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Marcia McFee Dr. Marcia McFee
Dr. Marcia McFee is an author, Key Voice Blogger, worship designer and leader, professor, preacher and artist.

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United Methodist Church


Change 2/3: Those Were the Days

March 06, 2015
This article is the second in my series about negotiating change in worship. This week, I continue our conversation with a look at our relationship with our histories. In my workshop called “The Politics of Change” in the Worship Design Studio, I often take folks on a little interactive walking tour of 3,000 years of worship history–only the highlights! Why talk about history in relationship to change? Because the most common retort when faced with change is “But we’ve always done it this way!” Most of the time, “always” really only means about two generations-worth of memory. And of course, change is contested in every generation of church traditions.

The Scope of Worship History

The only way we can really understand the role of change is to step back and get a broader view of history. So in my interactive history tour, we start with Miriam and the women dancing and drumming in worship at the Red Sea, then we go to worship in the temple, then the Babylonian exile, early Christianity, medieval worship, the Reformation and finally to various influences in early American worship. All along the way we see that, no, we haven’t always done it “this” way. In fact, the constant element along the way IS change. But here is the important point–change doesn’t happen just because something “groovier” came along. Change happens in order to keep the story alive from generation to generation, from context to context. And that is a faithful thing to do.

In one of Anne Lamott’s early books, she recounts a time when she was expressing consternation over something to her father, going on and on about it. Finally, her father said to her, “Whoa, hold on! In a hundred years, all new people!” Sometimes we need a little perspective about our little spot in the great scope of history. In a hundred years, not one of us (even the youngest of us) will be standing in our sanctuaries. Will we have “handed on” (the literal meaning of the Latin traditio) the Transforming Story so that the next generation is empowered to tell it in ways that can be heard by new ears?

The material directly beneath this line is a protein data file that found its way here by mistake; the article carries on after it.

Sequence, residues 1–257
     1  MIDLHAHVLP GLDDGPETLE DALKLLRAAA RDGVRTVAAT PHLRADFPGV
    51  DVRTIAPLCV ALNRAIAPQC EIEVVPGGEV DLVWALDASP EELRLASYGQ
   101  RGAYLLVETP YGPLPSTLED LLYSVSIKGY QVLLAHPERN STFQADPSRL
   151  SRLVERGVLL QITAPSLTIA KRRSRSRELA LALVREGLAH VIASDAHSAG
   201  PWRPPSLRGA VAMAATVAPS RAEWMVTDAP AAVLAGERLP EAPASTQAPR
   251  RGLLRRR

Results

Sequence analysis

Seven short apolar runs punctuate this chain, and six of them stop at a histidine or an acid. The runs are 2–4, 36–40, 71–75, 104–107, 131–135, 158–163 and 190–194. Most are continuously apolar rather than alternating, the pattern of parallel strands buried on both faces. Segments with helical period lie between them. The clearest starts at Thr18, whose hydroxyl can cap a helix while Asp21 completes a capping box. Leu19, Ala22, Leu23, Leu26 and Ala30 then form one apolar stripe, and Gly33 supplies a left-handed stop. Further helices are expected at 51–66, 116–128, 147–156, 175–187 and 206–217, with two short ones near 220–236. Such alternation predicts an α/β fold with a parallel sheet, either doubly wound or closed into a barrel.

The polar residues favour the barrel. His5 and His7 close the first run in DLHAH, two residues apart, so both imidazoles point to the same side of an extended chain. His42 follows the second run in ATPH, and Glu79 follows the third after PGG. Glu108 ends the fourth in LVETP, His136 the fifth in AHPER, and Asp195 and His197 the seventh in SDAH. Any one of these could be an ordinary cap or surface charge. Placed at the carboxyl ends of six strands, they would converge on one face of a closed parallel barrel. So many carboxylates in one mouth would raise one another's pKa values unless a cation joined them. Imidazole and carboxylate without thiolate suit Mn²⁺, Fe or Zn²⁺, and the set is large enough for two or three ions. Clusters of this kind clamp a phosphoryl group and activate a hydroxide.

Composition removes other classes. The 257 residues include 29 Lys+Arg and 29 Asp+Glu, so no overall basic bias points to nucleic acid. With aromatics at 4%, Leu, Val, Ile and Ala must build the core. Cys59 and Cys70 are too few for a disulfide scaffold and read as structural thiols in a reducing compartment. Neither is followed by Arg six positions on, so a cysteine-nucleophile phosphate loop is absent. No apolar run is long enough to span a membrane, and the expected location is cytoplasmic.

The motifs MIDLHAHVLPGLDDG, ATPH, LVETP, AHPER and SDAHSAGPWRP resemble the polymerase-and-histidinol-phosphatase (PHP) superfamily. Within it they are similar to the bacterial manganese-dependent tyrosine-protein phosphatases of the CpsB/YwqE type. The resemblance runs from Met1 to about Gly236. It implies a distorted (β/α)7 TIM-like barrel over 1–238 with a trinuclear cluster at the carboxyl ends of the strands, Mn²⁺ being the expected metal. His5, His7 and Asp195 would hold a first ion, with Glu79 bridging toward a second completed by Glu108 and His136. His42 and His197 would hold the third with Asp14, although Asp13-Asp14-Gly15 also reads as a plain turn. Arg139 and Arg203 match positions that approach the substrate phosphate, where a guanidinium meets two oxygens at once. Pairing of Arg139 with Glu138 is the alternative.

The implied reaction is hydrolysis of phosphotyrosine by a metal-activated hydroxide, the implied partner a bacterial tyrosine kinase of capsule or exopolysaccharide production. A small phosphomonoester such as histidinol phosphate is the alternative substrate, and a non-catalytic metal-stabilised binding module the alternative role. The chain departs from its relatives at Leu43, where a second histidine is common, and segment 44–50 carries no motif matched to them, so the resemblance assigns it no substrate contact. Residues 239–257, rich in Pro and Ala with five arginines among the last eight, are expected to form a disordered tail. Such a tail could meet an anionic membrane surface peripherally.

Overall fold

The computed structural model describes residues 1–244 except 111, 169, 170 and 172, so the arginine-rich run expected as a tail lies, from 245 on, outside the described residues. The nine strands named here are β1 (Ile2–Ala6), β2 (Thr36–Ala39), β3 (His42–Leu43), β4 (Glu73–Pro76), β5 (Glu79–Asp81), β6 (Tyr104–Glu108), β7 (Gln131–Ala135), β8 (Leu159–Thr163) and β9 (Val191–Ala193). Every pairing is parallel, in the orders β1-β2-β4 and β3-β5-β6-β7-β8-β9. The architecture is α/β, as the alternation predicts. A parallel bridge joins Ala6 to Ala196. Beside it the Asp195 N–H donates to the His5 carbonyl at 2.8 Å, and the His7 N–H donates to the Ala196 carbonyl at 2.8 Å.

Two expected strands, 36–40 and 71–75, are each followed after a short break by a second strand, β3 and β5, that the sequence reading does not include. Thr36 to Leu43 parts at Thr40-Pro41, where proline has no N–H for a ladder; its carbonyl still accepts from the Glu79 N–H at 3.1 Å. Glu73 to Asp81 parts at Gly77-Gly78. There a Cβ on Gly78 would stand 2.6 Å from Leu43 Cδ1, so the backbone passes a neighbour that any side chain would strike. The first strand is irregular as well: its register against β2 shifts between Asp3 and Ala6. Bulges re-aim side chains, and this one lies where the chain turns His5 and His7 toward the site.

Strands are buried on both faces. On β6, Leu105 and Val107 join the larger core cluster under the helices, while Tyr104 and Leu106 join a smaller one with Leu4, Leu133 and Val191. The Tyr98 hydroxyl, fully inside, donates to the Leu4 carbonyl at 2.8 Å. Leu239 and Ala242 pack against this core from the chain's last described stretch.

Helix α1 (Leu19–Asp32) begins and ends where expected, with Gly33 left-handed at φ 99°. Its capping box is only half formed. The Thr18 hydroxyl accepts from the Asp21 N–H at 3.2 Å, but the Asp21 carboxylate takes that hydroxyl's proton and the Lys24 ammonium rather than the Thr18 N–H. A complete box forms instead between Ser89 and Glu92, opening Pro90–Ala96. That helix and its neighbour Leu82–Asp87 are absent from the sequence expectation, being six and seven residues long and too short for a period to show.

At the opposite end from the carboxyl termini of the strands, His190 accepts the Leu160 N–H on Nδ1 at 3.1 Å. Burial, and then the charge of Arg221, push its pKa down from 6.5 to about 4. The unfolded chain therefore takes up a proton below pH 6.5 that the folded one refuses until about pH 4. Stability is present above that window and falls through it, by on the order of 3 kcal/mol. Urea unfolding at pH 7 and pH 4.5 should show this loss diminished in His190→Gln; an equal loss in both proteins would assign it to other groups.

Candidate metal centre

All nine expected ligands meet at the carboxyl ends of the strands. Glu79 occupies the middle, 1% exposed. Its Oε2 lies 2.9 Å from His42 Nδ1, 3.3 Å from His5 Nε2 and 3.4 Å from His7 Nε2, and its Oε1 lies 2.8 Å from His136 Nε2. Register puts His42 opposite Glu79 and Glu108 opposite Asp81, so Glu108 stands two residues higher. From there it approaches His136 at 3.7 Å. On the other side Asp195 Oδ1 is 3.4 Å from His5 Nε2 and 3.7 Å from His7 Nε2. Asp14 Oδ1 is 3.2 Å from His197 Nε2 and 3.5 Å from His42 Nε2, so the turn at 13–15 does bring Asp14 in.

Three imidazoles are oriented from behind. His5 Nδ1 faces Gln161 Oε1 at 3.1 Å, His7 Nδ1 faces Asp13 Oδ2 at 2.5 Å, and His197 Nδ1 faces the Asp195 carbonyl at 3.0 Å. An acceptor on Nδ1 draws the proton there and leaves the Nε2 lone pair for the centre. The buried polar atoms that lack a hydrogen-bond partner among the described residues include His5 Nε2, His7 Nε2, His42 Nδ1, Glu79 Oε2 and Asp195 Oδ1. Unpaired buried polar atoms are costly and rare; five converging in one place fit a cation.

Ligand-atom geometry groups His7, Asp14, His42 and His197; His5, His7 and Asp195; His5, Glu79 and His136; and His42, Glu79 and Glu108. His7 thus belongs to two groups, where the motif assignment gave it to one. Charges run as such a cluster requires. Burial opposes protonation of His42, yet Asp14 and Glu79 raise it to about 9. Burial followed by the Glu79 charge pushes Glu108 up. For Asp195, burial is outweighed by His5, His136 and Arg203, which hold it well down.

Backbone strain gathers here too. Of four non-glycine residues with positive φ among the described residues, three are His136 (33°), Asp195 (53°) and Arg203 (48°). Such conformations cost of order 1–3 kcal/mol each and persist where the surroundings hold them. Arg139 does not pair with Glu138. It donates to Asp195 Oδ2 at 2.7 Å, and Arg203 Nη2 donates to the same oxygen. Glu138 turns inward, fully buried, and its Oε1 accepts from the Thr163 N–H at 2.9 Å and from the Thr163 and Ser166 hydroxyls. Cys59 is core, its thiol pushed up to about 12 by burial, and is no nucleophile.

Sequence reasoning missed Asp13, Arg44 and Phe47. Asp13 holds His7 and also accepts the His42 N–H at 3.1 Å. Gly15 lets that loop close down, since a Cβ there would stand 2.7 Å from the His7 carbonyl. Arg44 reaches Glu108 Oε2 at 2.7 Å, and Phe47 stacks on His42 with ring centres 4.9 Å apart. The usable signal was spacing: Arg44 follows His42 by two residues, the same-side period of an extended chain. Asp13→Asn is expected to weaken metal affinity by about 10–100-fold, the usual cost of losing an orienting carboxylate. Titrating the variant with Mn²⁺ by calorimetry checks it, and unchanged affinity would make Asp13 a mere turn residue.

The Scope of Personal History

The other aspect of our histories that I want to share here is that we are all reacting to present worship based on past experiences of worship. We might be looking for a sentimental match for our good memories of worship. Getting upset that we are using a different Advent wreath this year could be wrapped up in the fact that this new one doesn’t look like what we are “used to.” Our underlying discomfort makes us forget that it is the actual light, not the holder, that is the root of the symbol. 

On the other hand, if we were oppressed by forms or messages of worship in our younger years, anything that “smacks” of that memory will cause conscious or sub-conscious reactions in us. For example, my spouse grew up in a very strict, theologically-punitive religion. Now, no matter how liberating the message by a preacher, if there is a floppy Bible involved, the gut reaction is negative. Apply this to other reactions... something that feels “too Catholic” or “too Pentecostal” or “too touchy-feely” or “too stodgy.” 

Examining history is important. Any good therapist would tell you that. And sometimes in the midst of conflicts about worship, a good therapist’s advice is what we need. Dig deeper. What’s really going on? Is our fear of change trumping the call to spread the Gospel in all the ways we can to all the people we can? Are we more interested in keeping comfortable than examining the things that hold us, or others, back from really flying?

These Are the Days

The little rural church where I grew up supported me as a young artist and encouraged me to do mime, drama, dance, and play all sorts of instruments. Years later I learned that not everyone in that congregation was exactly comfortable with some of the “edgier” art forms of drama and dance but their desire to support the youth of the church was stronger than their personal discomfort. I give thanks to God for them because that history of positive reinforcement shaped my entire ministry of resourcing ritual artists. 

Let’s keep moving from “those were the days” to “these ARE the days!” as we embrace the best of what was, what is and what is to come!

Join me next week to hear about the “feel” of the holy—how we know what resonates with us and what just doesn’t quite fit.


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